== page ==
Origin Story : A Big History of Everything - Christian, David

Origin Story : A Big History of Everything

David Christian

Yayınevi: Penguin

Yayın tarihi: 05/2019

ISBN: 9780141983028

İngilizce | 368 Sayfa | 12,90 x 19,80 x 2,10 cm.

Tür: Tarih Çalışmaları

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If you enjoy traditional history in terms of investigation, analysis, and debate about specific events and people, you will likely not be satisfied by David Christian’s 2018 work, “Origin Story: A Big History of Everything”.

As the author, a historian with extensive teaching credentials at Macquarie University in Sydney, University of Vermont, San Diego State University, to name some, has pointed out: “… in a globally connected world, there are so many local origin stories competing for people’s trust and attention that they get in one another’s way.”

This is the impetus for Christian to write a “big history” from a much broader perspective of human experience and coincidently to co-found with Bill Gates of Microsoft origin, the Big History Project, a free online syllabus about this topic.

The premise of “Origin Story” is there is a relentless struggle between basic components of the universe: evolution of more complex structures and entropy, the general tendency of matter and energy to return to a simple, disorderly state. And humans are part of this process.

Presumably our capacity for collective learning with an evolved emphasis on precise copying and communication is a unique trait distinct from other living forms. Consequently, we are more self-aware and able to accept responsibility for our impact on the biosphere, for however long we will experience big life.

The author defines the rise of complexity in terms of ”thresholds”, or events when the flow of recorded or theorized experience gained complexity: birth of the universe; first stars glow; new elements created; our sun and solar systems form; earliest life on earth; earliest form of human species; end of last ice age and earliest signs of farming; fossil fuels revolution. The last and future threshold touches on the sustainability of a world order.

An imaginative twist to putting these thresholds and timeline in perspective is dividing the estimated number of years by 1 billion: the “big bang” was 13 years, 8 months ago, while the asteroid that wiped out the dinosaurs 24 days ago, the Roman and Han empires 1 minute ago and the fossil-fuel revolution 6 seconds ago.

The book is divided into four sections: Cosmos; Biosphere; Us; The Future. The writing is conversational and comfortable to follow while providing a level of detail and terminology without overwhelming technicality.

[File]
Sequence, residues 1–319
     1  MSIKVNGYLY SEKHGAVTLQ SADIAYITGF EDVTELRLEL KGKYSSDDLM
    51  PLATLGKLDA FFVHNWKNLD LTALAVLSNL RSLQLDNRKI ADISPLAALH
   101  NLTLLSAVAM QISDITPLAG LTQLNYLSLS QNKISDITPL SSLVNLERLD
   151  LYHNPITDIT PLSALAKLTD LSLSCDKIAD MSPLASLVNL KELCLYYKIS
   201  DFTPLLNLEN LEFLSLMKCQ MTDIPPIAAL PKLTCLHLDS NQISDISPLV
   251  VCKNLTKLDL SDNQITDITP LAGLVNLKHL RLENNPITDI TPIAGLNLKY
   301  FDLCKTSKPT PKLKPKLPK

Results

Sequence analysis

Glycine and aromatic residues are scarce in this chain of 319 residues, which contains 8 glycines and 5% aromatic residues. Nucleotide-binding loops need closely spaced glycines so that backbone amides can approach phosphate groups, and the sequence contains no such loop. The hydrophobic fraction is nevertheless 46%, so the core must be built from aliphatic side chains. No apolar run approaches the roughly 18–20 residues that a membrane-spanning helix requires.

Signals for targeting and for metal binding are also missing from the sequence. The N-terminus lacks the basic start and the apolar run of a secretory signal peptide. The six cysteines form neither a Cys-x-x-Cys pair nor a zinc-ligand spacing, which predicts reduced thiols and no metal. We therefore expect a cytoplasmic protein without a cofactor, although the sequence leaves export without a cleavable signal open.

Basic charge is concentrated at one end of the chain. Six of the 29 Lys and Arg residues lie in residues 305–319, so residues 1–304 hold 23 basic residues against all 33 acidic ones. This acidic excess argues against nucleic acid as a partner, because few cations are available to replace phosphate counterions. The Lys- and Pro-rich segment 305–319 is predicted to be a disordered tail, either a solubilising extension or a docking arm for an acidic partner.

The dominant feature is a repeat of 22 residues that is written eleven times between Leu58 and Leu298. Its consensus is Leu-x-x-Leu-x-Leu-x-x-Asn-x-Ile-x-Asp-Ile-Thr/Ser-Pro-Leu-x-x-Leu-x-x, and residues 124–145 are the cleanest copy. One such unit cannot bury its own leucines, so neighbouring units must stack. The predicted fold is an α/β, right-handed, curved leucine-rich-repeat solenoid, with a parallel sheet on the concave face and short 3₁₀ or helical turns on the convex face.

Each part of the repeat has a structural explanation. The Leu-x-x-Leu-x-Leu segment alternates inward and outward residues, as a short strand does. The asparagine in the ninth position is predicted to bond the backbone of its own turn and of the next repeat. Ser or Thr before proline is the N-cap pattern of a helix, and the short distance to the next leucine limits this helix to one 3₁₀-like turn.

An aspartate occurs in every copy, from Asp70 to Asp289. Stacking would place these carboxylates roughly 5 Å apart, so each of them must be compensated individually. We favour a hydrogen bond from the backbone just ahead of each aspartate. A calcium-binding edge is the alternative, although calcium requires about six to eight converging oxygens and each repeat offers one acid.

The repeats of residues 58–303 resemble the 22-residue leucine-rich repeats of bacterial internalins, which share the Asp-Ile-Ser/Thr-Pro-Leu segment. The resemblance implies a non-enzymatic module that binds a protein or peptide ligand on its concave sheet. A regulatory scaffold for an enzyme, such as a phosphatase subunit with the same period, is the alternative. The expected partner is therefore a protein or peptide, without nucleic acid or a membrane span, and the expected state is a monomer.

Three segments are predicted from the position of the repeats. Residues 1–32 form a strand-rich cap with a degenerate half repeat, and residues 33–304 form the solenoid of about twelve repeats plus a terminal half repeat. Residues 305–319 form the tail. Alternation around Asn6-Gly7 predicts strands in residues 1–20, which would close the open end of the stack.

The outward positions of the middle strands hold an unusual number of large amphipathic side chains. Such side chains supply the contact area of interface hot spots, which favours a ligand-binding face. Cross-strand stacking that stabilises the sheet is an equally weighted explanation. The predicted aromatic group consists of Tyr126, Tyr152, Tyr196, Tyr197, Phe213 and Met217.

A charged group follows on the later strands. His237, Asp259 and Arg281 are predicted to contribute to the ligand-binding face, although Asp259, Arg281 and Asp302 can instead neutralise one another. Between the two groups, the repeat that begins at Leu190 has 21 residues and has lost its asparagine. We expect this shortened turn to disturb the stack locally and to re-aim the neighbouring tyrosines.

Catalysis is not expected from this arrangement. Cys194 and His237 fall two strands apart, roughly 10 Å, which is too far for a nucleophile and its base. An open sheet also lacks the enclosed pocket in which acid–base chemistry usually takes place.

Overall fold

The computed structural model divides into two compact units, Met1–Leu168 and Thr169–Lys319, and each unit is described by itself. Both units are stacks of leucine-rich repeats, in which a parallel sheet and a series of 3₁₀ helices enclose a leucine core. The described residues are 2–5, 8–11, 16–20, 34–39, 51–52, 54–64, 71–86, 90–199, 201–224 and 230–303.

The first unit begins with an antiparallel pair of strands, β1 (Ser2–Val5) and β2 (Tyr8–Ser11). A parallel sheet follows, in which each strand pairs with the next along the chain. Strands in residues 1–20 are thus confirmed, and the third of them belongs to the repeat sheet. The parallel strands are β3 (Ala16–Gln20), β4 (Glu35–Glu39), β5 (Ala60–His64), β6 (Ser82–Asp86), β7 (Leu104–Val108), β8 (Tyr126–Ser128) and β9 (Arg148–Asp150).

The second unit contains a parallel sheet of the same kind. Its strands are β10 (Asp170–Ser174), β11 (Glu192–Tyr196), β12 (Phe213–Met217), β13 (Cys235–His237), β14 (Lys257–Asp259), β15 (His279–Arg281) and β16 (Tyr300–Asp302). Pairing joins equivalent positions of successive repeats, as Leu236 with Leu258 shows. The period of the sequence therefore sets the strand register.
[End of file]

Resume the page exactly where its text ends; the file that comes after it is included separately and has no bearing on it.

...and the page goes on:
Christian carefully reminds that several chance occurrences, besides the much-discussed “Goldilocks zone”, created opportunities for life, as we know it, to evolve. Geo-thermal core, plate tectonics, critical balancing between carbon, oxygen and other elements, the evolution of DNA beyond RNA, the role of prokaryotes – all are presented in fascinating detail.

One area the book might have explored more was the evolution of the pre-frontal lobe or cortex in the human brain. This is a more recent development and seems to be a major, if not decisive, distinction between humans and other species and a likely basis for self-awareness and consciousness.

As a complementary material for the first two sections, you might want to check out online NOVA’s “Australia’s the First 4 Billion Years’” four-part series that helps visualize some of Christian’s observations.

For the third section covering the rise and impact of complex human interactions beyond farming and hunting, the author references Samuel Noah Kramer’s 1963 work, “The Sumerians” (if it helps, here's the link to my Amazon review of Kramer’s work: https://www.amazon.com/review/R37UB92YMPN1U3/ref=cm_cr_othr_d_rdp_perm?ie=UTF8).

In the same section he makes several important references to Thomas Picketty’s 2014 seminal work, “Capitalism in the Twenty-First Century”, to underscore the human and social impact of the rapid industrial development (again, if it helps, here's the link to my Amazon review of Piketty’s work: https://www.amazon.com/review/R3QGVI29BM4HI/ref=cm_cr_othr_d_rdp_perm?ie=UTF8 ) .

The last section about the future seems more focused as a response to today’s political and social events while leaving aside some of the potentially more impactful long-range human developments: artificial intelligence, mixed reality and quantum computing.

All told, “Origin Story” offers a refreshing way to see our human experience. It may also make you wonder whether, one way or another, as TS Eliot wrote in his 1925 poem, “The Hollow Men”, it will all come to end “not with a bang but a whimper.”

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